A Room with a View: A Review Sunday, Apr 13 2008 

I just finished watching ITV’s new adaptation of E. M. Forster’s A Room with a View in PBS’s Masterpiece Classics. Here’s the trailer:

In the interest of full disclosure, let me start with a couple of confessions. First, E. M. Forster is one of my favorite writers. I haven’t reread his novels as recently as I have Jane Austen’s, but I’ve loved them for almost 20 years now. Second, the Merchant Ivory film adaptations of A Room with a View, Maurice, and Howards End are all among my favorite movies. I’ve loved each one ever since I saw them. In sum, I love E. M. Forster.

Given that love, I suppose I could predictably have had one of two reactions to this new adaptation — either I would dislike it for not living up to the novel or the earlier adaptation or I would love it despite any reservations about it not living up to the novel or the earlier adaptation. So, I’m a little surprised to report that I loved this version on its own terms.

ITV adaptations are (in)famous for always coming in under 90 minutes, which means that they cut the heck out of a novel in order to make this time limit. In this case, the cutting didn’t bother me as much as some of the excisions in the recent Jane Austen adaptations. Likewise, these productions tend to rewrite portions of the plot. I think these changes seem to be part of an effort to make them more appealing to modern audiences. Again, the changes in A Room with a View worked for me.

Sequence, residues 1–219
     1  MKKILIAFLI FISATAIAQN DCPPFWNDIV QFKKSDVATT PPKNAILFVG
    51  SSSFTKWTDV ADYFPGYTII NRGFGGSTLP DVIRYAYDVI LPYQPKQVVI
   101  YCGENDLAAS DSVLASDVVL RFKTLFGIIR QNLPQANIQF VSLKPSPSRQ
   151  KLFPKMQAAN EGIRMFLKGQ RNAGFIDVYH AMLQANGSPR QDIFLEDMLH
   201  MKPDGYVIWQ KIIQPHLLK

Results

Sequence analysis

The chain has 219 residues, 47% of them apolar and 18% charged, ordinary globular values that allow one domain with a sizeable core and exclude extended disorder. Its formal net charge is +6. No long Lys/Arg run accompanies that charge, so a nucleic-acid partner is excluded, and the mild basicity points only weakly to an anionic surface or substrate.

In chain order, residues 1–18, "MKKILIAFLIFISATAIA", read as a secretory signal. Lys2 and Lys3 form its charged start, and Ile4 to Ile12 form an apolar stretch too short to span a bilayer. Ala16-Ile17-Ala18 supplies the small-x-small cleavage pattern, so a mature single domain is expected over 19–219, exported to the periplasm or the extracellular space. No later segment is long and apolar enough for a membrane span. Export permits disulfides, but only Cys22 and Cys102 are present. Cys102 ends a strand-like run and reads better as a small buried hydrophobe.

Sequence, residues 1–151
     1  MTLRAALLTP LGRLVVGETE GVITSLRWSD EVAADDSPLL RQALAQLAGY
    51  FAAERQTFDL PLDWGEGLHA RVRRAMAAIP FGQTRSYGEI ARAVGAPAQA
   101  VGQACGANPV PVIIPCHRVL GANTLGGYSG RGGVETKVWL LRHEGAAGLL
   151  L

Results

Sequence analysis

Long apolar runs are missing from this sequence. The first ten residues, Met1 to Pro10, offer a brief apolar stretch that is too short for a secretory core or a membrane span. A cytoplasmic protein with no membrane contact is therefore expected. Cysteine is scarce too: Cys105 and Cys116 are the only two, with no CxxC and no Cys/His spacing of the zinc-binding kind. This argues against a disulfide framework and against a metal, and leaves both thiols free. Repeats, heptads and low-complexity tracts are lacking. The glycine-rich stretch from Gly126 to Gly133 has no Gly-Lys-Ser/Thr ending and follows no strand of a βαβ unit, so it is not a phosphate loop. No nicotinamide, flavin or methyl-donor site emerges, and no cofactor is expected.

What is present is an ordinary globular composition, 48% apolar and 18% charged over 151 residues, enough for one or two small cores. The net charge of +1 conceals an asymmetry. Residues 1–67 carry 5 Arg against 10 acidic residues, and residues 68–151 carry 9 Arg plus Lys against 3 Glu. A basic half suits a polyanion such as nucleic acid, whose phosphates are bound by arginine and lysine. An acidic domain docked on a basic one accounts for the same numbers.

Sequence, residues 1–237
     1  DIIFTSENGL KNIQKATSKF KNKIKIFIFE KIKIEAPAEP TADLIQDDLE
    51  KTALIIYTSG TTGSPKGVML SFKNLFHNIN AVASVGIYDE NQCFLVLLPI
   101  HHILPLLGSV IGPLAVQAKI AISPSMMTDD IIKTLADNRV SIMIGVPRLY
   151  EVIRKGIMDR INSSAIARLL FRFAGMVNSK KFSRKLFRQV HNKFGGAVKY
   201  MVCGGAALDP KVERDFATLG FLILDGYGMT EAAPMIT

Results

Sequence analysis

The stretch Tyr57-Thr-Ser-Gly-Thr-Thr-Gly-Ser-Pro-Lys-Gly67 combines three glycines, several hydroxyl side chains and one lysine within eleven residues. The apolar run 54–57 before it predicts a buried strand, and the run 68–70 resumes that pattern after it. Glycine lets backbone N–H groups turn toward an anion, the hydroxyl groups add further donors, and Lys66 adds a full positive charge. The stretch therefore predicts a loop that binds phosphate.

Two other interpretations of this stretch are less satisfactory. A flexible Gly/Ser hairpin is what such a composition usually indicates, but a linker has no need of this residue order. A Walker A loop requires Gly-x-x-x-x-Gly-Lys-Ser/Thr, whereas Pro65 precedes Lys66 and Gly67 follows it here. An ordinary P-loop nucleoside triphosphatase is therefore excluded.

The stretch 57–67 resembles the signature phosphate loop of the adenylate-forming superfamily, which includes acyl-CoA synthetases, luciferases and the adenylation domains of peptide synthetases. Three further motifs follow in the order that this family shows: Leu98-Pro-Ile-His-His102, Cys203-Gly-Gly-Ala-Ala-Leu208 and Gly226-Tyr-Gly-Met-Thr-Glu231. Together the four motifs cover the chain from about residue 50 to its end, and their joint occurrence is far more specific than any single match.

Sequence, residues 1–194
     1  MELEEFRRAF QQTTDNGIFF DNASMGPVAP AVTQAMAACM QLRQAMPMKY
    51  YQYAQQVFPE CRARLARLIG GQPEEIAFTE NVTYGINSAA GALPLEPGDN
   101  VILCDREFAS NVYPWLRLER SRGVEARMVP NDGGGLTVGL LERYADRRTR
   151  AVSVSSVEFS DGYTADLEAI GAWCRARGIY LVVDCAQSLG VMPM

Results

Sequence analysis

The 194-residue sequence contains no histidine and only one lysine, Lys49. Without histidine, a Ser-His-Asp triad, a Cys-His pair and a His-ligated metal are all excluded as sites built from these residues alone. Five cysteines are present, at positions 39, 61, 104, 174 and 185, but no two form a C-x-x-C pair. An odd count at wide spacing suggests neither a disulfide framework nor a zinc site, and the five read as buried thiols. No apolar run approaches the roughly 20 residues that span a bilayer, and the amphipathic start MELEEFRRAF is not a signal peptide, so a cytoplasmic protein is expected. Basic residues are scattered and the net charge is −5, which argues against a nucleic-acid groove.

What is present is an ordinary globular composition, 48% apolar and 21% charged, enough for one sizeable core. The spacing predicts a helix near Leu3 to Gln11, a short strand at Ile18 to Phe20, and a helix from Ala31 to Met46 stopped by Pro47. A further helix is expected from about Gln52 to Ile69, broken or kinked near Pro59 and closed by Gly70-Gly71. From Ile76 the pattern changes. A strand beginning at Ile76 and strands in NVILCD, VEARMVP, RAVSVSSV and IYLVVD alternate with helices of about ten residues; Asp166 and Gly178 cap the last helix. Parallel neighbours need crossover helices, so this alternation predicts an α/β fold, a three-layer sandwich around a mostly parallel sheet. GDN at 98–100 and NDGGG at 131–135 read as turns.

It’s Been a Weird Week Saturday, Apr 12 2008 

It’s been a week since PJ left for his month-long fellowship in Worcester, Massachusetts. At least in part due to his absence, it’s been a weird week.

PJ left last Saturday morning. I’m a little surprised that I didn’t immediately go into some kind of mild depression. Before he left, I imagined that it would only take a couple of hours before I would be curled up on the floor in the fetal position or something like that. While I definitely miss him, this first week hasn’t been too bad. At times, I’ve even kind of enjoyed having the house to myself.

It probably helped that the first thing I did when he left was indulge my culinary whims. On Sunday, for example, I made gazpacho, which I ate over the next three dinners. I also bought the stuff to make fish or grilled cheese sandwiches to go with the soup. I think eating well for much of this week has helped my metal state.

Another thing I’ve done is watch a couple of dvds from Netflix. Early in the week, I watched was The Blossoming of Maximo Oliveros, an independent Filipino movie about a 12-year-old gay boy who is torn between loyalty to his family of petty criminals and his desire for a new police officer. Here’s the trailer:

I have to admit, however, that I really didn’t care for this movie. It was well reviewed by other members of Netflix, but I thought it had A LOT of problems, not the least of which was the young actor’s inability to act convincingly. But I’m glad I watched it — usually when PJ’s out of town I just end up watching my favorite movies, which I’ve seen over and over again. (In that vein, I did finish watching The Best Years of Our Lives, one of my all time favorite movies on dvd and saw part of Star Wars: Episode III on Spike.)


Darcy’s Story: A Review Thursday, Mar 20 2008 

Darcy's StoryThis week I read Janet Aylmer’s Darcy’s Story, which was first published in 2006. Like Pamela Aidan’s trilogy, which I reviewed here, this book recounts the events of Jane Austen’s Pride and Prejudice from Mr. Darcy’s point of view, though at much shorter length.